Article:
Down Payment Assistance
By Josh Friesen , Contributing Writer
First-time homebuyers face a lot of obstacles in their quest to become property owners, and coming up with a hefty down payment is often one of the largest. Many traditional lenders require as much as 10% down, which translates into tens of thousands of dollars on even the most modestly priced home. Ten years ago, lenders were offering interest-only, no money-down loans with no required income verification to anyone who was willing to sign the paperwork. This significantly lowered the barrier to homeownership but created massive problems along the way. Those days are gone, so new buyers must be more creative and disciplined in their search for financing.
Fortunately, there’s help available. Federal and state governments have stepped in and now offer many programs designed to help first-time homebuyers make their down payments. Here’s a quick primer on a few of the available programs:
The Federal Housing Authority (FHA) through the US Department of Housing and Urban Development (HUD) has administered home loans since 1934. FHA loans offer easy credit qualifying terms, low down payment rates (as low as 3.5%), and reduced closing costs. It’s important to remember that not every mortgage broker is an approved FHA lender, but fortunately HUD has compiled a comprehensive lender database to help in your search.
Military Home Loans
If you’re an active duty service member, Veteran, or a surviving spouse, the US Department of Veteran Affairs offers several programs to help purchase a home, often without down payment or mortgage insurance requirements. Click here to check your eligibility.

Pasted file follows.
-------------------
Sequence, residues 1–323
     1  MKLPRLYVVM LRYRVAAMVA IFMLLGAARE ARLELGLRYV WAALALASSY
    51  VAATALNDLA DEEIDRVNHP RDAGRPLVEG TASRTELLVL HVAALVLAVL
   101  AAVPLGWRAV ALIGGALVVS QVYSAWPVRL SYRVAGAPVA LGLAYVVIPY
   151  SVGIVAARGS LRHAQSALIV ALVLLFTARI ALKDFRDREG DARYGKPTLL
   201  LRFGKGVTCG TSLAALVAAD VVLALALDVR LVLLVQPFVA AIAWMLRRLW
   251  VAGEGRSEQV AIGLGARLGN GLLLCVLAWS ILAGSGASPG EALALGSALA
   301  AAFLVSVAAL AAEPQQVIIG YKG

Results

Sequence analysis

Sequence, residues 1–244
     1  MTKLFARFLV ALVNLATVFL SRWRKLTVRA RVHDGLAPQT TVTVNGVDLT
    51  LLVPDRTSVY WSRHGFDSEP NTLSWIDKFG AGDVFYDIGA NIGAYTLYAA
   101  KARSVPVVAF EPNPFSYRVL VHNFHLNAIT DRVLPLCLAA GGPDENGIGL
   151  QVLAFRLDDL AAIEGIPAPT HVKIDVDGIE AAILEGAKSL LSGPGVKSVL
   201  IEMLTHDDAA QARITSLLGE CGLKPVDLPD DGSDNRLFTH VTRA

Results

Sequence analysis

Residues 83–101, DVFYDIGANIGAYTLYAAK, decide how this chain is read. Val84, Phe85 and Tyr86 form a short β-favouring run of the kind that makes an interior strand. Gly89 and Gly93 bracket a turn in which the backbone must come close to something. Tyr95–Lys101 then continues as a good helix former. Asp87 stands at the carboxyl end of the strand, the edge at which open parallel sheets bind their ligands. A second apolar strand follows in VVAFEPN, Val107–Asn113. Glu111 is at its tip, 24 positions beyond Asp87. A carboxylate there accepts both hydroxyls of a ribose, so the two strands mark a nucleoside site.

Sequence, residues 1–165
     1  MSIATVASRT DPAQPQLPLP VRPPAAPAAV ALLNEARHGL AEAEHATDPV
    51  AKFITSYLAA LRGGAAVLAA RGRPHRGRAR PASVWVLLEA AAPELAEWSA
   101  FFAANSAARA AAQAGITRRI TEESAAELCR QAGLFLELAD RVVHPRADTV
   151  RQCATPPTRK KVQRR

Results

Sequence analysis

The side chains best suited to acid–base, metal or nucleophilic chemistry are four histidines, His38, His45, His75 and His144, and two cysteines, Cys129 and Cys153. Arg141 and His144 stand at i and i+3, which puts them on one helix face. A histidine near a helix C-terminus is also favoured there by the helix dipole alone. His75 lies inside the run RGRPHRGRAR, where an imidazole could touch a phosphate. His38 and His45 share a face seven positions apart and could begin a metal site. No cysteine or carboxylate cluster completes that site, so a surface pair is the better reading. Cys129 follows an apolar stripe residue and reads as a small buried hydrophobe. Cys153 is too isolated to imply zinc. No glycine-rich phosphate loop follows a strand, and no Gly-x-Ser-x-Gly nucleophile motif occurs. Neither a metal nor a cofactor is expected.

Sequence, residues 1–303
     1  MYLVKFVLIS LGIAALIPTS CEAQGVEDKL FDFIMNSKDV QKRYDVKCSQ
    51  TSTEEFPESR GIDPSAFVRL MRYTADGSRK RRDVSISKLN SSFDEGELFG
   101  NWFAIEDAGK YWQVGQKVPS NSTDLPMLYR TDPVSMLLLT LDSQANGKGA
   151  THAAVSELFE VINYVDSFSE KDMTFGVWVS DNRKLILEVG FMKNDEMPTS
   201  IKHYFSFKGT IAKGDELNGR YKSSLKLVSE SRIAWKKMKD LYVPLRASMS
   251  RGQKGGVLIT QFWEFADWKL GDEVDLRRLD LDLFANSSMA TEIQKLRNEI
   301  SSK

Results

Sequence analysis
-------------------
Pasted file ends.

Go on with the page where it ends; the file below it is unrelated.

Secondary Financing Providers
In conjunction with an FHA loan, many buyers can find separate financing for down payment and related closing costs. The Down Payment Assistance Through Secondary Financing Providers (DAP) program connects buyers with HUD approved lenders. Click through to the DAP Portal for more information.
It may be possible, depending on certain factors, to qualify for a no-strings-attached grant to help cover the cost of your down payment. Many state housing authorities administer these programs, so visiting your own state’s housing authority website is a great place to start. For more information, this site offers a great collection of links on home ownership grants throughout the country.
Get Help from the Professionals
If this all sounds too overwhelming to tackle on your own, it’s smart to seek help from qualified Realtors and lenders. Their experience and advice will be invaluable as you search for your first home and shop for financing.
And if you need more information on down payment assistance programs, Down Payment Resource (DPR) offers a down payment assistance program finder that can help determine your eligibility for many of these available programs.
So if the thought of saving for a huge down payment is standing in the way of homeownership, take heart, because help is available.